In truth, she doesn’t really try hard enough to escape. When she finally has the opportunity to go through the stones, Frank has been largely absent for around 500 pages, so he’s distant to the reader and also to Claire. Which makes it conveniently easy for her to make her choice.

    Another thing that doesn’t get dealt with much is the absence of modern conveniences. Claire’s time with Uncle Lamb comes in handy here because it means she grew up used to being without modern amenities. But that might also be a missed opportunity in terms of showing the clash between twentieth century and eighteenth century.

    Weighing up narrative choices and outcomes

    I think I understand why the author made her choice. Had Claire been constantly thinking of home, her attention would have been less on those around her and the immersion in the eighteenth century could have been less powerful.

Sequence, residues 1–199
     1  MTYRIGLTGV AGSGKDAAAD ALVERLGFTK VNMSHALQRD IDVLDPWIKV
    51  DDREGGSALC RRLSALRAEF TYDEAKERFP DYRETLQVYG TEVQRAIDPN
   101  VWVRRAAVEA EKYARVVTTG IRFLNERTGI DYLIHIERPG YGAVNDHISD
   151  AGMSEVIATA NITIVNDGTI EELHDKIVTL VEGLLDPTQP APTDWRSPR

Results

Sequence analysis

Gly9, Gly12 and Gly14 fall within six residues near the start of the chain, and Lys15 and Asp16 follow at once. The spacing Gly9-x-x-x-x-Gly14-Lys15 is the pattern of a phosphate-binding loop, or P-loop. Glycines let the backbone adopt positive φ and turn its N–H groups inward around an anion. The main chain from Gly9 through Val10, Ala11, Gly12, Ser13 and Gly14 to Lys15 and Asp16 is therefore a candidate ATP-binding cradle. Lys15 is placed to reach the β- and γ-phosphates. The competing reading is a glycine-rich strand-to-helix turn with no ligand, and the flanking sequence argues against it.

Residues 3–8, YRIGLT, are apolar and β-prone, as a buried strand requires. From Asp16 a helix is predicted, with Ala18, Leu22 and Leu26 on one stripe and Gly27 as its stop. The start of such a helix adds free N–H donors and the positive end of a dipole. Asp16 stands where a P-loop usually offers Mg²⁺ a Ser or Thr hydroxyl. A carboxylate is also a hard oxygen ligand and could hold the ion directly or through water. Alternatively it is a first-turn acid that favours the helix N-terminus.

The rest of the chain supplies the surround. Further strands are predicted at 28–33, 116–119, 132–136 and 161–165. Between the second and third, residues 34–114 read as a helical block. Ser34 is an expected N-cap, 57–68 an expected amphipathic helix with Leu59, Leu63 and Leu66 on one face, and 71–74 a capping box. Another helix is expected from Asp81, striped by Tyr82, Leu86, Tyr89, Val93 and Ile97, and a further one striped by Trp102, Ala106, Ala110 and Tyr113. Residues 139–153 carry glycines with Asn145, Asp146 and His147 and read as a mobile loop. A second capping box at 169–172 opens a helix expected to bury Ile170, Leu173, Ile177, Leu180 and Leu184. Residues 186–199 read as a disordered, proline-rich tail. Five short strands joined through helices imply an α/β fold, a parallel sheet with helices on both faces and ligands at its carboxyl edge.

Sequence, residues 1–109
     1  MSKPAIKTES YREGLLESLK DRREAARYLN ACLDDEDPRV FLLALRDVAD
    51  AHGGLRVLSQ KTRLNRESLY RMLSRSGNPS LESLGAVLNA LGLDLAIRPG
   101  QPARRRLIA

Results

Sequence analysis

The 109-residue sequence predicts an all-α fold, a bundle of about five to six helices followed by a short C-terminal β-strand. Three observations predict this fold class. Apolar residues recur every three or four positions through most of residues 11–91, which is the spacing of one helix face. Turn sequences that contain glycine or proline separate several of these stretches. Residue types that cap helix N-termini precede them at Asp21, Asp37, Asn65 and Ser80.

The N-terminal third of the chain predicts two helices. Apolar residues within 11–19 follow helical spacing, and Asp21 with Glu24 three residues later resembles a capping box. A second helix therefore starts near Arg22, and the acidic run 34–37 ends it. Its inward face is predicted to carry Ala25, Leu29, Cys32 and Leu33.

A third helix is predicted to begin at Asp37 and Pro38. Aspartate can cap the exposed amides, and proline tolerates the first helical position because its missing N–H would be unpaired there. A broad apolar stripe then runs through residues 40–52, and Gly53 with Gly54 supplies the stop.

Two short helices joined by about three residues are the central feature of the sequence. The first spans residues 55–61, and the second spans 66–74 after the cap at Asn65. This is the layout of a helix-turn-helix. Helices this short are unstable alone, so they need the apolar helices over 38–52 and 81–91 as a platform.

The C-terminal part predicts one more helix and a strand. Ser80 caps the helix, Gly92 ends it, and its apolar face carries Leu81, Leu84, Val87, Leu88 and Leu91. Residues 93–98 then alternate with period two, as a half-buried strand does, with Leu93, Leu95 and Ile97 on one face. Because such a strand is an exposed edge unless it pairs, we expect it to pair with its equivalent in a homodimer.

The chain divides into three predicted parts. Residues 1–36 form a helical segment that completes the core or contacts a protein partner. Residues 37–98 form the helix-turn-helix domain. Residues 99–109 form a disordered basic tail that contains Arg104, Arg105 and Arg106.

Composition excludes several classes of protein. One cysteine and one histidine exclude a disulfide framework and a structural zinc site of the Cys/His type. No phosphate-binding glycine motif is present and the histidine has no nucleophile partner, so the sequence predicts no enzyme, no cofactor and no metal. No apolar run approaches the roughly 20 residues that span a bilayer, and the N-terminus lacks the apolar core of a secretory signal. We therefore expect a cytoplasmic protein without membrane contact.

Nevertheless, as I got to the halfway mark and beyond, I wondered what Frank’s absence was meant to signify. A weak marriage, a narrative choice to keep the plot rooted in the eighteenth century? Or maybe just addressing the basic problem of introducing Frank first, leading to the reader’s loyalty first going with him, and then running into a clash of loyalties later with Jamie. Sidelining Frank avoids this problem.

    I do think it comes at a price. There are character and psychological credibility issues, not to mention missed opportunities for internal conflict and interesting contrasts.

    Try putting yourself in her position. Ask yourself, how much will you miss your old life and the conveniences… not to mention your husband?

    And the dangers of this old eighteenth-century world must be all too obvious to Claire. Should she really want to stay there long while there’s a chance of getting away?

    Gabaldon went to the bother of setting up Frank and Claire at the beginning. He comes back in a later book, and maybe that was her real intention. To set him up because he won’t be around again for quite a while.

    Conclusion